Developed by Polyphony Digital
Published by Sony
Reviewed by Matt Adcock
You see the corner closing rapidly as the scenery blurs past at blinding speed. You take your foot off the throttle and slam on the brakes. The G-Force from the deceleration immediately dominates your senses – the tyres scream out as if in pain as they battle for grip on the road surface. You’ve picked your racing line and aim for the sweet spot of the corner – the point where centrifugal and cornering forces reach their equilibrium – where all there is left is pure acceleration… This is the essence of Gran Turismo 5, this is the ‘Real Driving Simulator’…
OK so GT5 is finally here. Over five years of painstaking development time, delayed so often that it made grown men weep with anticipation as the hype reached proportions that made Halo look ‘meh’. Having sold over 56 million units worldwide, the award-winning Gran Turismo franchise is regarded as the best and most authentic driving simulator ever created due to its true-to-life graphics, authentic physics technology and design. Since the inception of the Gran Turismo franchise, famed creator Kazunori Yamauchi and Polyphony Digital have pretty much revolutionised the racing category as we know it today. GT games bring the most realistic driving simulation you can find on a console and give a unique medium for automotive manufacturers to showcase their products. So, with much pressure comes much responsibility for Polyphony Digital to deliver the ultimate racing sim and with so many preorders expectation is running at an all-time high…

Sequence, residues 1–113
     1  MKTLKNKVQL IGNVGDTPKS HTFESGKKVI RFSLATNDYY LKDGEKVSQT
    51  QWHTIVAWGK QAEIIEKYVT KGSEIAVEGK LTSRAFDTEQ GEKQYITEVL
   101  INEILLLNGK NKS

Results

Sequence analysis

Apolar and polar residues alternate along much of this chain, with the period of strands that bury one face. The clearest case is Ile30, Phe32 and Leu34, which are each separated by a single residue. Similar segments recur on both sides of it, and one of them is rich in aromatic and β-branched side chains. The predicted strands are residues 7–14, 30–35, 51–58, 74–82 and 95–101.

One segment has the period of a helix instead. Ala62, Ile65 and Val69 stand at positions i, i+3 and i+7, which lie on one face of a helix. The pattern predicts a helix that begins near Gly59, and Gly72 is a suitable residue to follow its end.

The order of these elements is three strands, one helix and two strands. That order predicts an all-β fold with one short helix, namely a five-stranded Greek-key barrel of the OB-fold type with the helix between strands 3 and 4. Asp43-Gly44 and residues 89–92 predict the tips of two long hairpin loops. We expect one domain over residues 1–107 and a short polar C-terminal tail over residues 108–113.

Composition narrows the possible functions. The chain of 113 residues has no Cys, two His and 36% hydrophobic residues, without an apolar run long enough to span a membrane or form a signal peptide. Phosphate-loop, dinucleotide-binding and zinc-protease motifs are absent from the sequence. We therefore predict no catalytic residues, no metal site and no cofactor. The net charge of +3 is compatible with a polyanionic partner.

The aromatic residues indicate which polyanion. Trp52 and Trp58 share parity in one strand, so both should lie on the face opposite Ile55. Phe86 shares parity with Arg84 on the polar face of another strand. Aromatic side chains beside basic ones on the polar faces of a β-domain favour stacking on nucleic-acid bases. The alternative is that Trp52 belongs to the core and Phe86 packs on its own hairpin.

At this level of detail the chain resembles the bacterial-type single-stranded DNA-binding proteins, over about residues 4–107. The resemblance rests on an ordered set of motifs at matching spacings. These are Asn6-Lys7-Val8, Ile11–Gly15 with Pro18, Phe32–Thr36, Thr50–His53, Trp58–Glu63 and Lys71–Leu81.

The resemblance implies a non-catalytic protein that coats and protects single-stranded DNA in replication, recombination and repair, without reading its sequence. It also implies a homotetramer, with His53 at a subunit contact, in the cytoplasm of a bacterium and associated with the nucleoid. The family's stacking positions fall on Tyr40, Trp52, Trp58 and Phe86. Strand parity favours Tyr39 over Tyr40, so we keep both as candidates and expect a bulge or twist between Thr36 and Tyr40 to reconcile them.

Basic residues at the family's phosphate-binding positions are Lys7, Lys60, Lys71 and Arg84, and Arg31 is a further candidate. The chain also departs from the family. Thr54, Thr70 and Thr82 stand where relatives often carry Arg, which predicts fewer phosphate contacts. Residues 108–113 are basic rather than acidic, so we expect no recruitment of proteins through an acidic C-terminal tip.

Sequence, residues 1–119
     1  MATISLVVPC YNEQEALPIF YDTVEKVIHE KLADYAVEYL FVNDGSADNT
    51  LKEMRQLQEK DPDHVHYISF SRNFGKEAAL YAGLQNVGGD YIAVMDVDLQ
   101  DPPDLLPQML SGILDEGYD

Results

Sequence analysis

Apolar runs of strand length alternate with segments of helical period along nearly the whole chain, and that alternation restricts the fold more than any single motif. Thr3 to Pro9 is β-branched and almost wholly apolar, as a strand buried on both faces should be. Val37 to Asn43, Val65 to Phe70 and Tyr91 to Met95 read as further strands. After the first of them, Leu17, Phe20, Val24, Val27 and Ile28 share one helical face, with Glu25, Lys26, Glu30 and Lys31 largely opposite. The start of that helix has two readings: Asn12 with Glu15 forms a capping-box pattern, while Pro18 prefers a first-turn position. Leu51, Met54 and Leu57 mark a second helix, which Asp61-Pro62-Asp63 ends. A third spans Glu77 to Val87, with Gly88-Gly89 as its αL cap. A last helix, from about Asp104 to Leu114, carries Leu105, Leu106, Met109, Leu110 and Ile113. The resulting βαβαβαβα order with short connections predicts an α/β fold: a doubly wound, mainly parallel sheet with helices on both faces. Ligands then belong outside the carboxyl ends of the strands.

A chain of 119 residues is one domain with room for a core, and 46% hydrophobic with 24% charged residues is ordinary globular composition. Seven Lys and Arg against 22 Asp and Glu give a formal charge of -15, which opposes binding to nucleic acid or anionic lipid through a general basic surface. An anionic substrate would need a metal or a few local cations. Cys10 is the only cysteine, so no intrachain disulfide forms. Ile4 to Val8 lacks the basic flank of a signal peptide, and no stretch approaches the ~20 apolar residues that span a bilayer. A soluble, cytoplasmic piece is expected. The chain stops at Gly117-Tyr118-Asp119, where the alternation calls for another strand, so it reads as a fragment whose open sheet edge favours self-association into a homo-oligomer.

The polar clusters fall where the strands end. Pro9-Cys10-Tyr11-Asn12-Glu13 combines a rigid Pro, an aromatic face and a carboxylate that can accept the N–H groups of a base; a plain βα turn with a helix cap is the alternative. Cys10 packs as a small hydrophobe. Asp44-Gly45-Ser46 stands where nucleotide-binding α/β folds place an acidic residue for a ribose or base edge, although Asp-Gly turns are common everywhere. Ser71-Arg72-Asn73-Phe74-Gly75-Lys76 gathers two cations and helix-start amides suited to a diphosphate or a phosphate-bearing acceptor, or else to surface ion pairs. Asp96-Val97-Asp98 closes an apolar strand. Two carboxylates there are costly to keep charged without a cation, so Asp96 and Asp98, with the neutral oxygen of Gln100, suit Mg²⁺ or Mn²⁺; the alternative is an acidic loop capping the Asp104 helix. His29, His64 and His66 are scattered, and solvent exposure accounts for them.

And now we have it so is it any good?
I can still remember the first time I played Gran Turismo – on my brother in-law’s original PlayStation circa 1997. I had a Sega Saturn and was mid-way through telling him how much better Daytona USA was than anything on the Sony machine when he loaded it up. In the next few hours everything changed… I loved it, but then my first word was ‘car’ – not ‘mum’ or ‘dad’ but ‘car’!?
When Gran Turismo made the jump to PS2, I was there straight away and likewise I was at the midnight launch of Gran Turismo 5 where I won a Signature Edition of the game – the omens were good!
"yeah - that's my copy..."
First things first then, Gran Turismo 5 is an astonishing achievement – (un)charting new territories in visual wonder, the new ‘premium’ cars are shiny models that could make even the most car adverse person drool in awe. Taking these babies for a spin through some of the greatest cities in the world is an experience which will flood you with auto-endorphins as streetlights or sunlight (depending on the time of day) reflect off the polished sheen of your automobile. Alas not all the 1000+ cars are built to this level of jaw-dropping detail. There are many ‘ported’ cars from GT4 and you can add more from the PSP version – these cars are ok but stand out miles compared to the premium ones in terms of graphical fidelity.